An encephalocele is a rare birth defect. It occurs when a developing baby’s skull does not close completely. As a result, part of the baby’s brain may extend through the hole in the skull. The membrane that covers the brain, spinal cord, and the cerebrospinal fluid (CSF) may protrude, as well. Skin or a thin membrane then covers the sac outside the skull. Encephaloceles may also be known as cranium bifidum. In rare cases, the encephalocele will be small, allowing it to initially go unnoticed (and undiagnosed); more often, it will be visible and can be quite large.
Our extensively trained plastic and craniofacial surgeon, Dr. Francesco Gargano, has broad experience in treating encephalocele, and can help develop a treatment plan that offers the best possible results. Being one of the Best Reconstructive Surgeons in Manhattan, he is dedicated to providing compassionate support and to serving as an informative resource. He understands that this experience can be very difficult, and so he strives to be a source of comfort, knowledge, and skill at every step.
How does encephalocele occur?
Encephalocele can present with a variety of signs, depending on the location, size, and type (what kind of brain matter and how much) of the skull deformity. As of now, the cause of this defect is unknown, and encephaloceles appear to occur spontaneously. However, there is some evidence that it can run in families.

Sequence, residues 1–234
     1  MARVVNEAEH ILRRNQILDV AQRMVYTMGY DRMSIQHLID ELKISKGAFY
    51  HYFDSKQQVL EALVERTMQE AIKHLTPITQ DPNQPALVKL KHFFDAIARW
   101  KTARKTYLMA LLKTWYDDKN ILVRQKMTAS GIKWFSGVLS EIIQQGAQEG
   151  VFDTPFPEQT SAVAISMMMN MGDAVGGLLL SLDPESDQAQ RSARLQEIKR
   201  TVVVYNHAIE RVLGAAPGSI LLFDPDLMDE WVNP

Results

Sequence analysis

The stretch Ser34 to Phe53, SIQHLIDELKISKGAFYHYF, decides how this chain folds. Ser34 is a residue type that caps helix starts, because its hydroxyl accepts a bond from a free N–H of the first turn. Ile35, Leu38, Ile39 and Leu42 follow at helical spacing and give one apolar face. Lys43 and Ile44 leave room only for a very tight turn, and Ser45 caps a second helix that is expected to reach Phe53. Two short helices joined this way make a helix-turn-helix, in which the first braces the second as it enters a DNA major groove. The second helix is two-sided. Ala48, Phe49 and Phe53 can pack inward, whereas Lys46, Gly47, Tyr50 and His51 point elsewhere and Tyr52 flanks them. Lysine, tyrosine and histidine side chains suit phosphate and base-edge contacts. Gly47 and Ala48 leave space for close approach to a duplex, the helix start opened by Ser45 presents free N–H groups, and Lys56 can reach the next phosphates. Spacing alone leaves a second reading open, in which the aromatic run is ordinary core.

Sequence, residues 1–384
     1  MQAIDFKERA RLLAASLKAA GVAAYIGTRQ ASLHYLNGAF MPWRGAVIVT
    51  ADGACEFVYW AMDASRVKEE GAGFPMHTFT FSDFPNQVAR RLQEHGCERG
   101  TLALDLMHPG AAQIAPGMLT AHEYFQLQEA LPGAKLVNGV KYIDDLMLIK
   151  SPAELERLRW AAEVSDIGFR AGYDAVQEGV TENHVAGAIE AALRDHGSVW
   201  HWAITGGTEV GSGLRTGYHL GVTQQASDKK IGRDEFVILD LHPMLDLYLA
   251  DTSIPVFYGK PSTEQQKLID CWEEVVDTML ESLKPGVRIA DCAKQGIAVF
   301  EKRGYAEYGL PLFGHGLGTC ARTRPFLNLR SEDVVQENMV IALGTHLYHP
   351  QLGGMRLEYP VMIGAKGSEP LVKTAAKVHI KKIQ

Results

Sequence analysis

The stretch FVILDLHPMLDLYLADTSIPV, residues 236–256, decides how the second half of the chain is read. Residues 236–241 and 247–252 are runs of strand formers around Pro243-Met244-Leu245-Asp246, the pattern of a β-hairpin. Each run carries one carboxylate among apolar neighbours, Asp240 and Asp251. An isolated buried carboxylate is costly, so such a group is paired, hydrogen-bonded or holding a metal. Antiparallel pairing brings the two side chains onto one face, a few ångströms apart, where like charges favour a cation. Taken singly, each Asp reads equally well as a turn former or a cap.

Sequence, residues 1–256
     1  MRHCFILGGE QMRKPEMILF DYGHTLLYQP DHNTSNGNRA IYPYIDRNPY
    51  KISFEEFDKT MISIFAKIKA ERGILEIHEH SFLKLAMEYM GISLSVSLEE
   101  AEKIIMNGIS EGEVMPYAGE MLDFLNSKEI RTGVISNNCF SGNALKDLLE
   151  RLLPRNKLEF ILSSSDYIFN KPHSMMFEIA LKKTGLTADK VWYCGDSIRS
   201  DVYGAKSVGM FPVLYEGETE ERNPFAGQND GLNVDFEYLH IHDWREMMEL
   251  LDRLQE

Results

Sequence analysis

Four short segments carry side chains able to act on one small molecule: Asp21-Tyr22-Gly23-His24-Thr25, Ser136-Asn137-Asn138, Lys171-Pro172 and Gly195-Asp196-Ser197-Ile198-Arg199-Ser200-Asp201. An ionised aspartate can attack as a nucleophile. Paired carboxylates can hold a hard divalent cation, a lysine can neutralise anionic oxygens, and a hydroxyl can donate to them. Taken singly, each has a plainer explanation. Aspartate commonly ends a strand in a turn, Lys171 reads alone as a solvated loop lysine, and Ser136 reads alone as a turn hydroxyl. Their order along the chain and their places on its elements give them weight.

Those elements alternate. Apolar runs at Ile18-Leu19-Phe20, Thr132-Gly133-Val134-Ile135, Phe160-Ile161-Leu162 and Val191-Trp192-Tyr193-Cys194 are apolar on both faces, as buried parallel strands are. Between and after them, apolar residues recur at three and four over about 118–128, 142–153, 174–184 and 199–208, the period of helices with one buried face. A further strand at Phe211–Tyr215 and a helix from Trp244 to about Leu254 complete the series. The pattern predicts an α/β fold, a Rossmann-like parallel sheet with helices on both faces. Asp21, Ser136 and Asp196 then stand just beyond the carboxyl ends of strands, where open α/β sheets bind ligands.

Signs and symptoms of Encephaloceles
Encephaloceles are often accompanied by craniofacial abnormalities or other brain malformations. Symptoms may include:
- Neurologic problems
- Hydrocephalus (cerebrospinal fluid accumulated in the brain)
- Spastic quadriplegia (paralysis of the limbs)
- Microcephaly (an abnormally small head)
- Ataxia (uncoordinated muscle movement)
- Developmental delay
- Vision problems
- Mental and growth retardation
Treatment of Encephaloceles
Depending on whether brain tissue is contained within the skull defect, children born with an encephalocele may experience infections, herniations and intellectual learning disabilities. The type and amount of brain tissue present, as well as the location of the concern, will also affect the technique used to address the condition. During your initial consultation for encephalocele, Dr. Francesco Gargano will go over the details of your child’s condition with you, and his skilled team will support you through the next steps of the treatment process. Surgery typically will be required, and protruding brain tissue and fluids will need to be relocated within the skull. If the encephalocele is made up of membrane and cerebrospinal fluid alone, and no brain (or spinal cord) tissue, patients will often experience a full recovery with little to no mental impairment—a situation more prevalent with encephaloceles located on the front of the skull. Surgical correction of an encephalocele can be achieved without causing additional intellectual or functional disabilities. Surgery involves the combined approach of a craniofacial surgeon and a neurosurgeon.
If you have a child or another family member who is suffering from encephalocele, Dr. Francesco Gargano can help you get the best treatment. Contact us today to talk with the doctors and staff about your options and how we can help.
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